The Chronicle‘s Susannah Tully has brought my attention to a great article in the prestigious Journal of Political Economy by Scott Carrell and James West dealing with professorial approaches to teaching, student evaluations and student performance. It seems professors who do more than teach the basic bare-bones knowledge and are in some sense more rigorous tend to get poorer student evaluations (no surprise there). The less rigorous professors even get good performances out of their students in the courses taught but those students subsequently, in follow up courses, do poorer than the more rigorous professors who do more than teach to the standardized test. Sounds reasonable to me.
This got me thinking more about student evaluations and some other evidence. Specifically, I would note that student evaluations began to become popular during the 1960s and early 1970s as a common evaluation tool for faculty. I would also note that most of the great grade inflation in America has occurred since evaluations began, with national grade point averages probably rising from the 2.5 or 2.6 range in about 1960 to well over 3.0 today (admittedly, this is based on limited but I believe likely correct evidence). Professors to some extent can “buy” good evaluations by giving high grades, so the evaluation process is probably a major factor in grade inflation.
So what? What difference does it really make if the average grade is a B- or C+ instead of a B or B+? This is where another working paper of the National Bureau of Economic Research comes in. Philip Babcock and Mindy Marks present evidence in Working Paper 15954 that in 1961, the average student spent 40 hours a week engaged in their studies—attending class and studying. By 2003, this had declined by nearly one-third to 27 hours weekly.
One advantage of getting old is that you gain some historical perspective, and I have been in higher education for over a half of century and believe that Babcock and Marks are right. Students do less reading, less studying, even less attending class than two generations ago. Why? They don’t have to do more. With relatively little work they can get relatively high grades—say a B or even better. And student evaluations are one factor in explaining the underlying grade inflation problem. Go to the campusbuddy.com Web site and see for yourself evidence on the grade-inflation phenomenon. The colleges of education, which in my judgment should be put out of business (topic for another blog), are the worst offenders, but the problem is pretty universal.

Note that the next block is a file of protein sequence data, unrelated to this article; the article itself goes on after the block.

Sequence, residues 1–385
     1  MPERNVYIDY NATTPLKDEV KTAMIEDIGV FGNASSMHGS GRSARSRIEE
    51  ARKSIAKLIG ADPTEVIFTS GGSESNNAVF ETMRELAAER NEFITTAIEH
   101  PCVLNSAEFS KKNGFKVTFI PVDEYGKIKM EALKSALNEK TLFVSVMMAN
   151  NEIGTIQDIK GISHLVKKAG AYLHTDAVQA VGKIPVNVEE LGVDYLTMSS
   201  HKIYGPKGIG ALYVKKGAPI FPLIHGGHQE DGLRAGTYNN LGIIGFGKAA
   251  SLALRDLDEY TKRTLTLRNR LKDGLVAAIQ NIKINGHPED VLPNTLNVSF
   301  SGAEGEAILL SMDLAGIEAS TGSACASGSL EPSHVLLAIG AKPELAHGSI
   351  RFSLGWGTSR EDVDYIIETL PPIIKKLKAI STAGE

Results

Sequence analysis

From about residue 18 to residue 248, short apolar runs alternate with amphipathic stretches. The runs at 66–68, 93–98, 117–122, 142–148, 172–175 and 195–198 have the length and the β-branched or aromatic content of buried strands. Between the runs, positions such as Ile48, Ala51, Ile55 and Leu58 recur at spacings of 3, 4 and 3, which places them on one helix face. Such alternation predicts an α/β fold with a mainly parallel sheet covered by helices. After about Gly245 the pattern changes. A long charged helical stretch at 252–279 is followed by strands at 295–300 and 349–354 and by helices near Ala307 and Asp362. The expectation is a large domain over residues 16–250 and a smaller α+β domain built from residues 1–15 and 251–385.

College is getting more expensive all the time—and students are consuming less of it per year as measured by time usage. The cost of college per hour spent in studying is rising a good deal faster than what tuition data alone suggest. Why should the public subsidize mostly middle-class kids working perhaps 900 hours a year (half the average of American workers) on their studies?
What to do? We could move to reduce the impact of student evaluations, or even eliminate them. One reason for their existence—to convey knowledge to students about professor—is usually met separately by other means, such as the RateMyProfessors.com Web site. Alternatively, colleges could by mandate or the use of financial incentives encourage faculty to become more rigorous in their grading. If state subsidies started to vary inversely in size with grade-point averages, state schools would quickly reduce grade inflation. In any case, we need more research into WHY students today are working less. But I would bet a few bucks that grade inflation and student evalauations are part of the answer.
Return to Top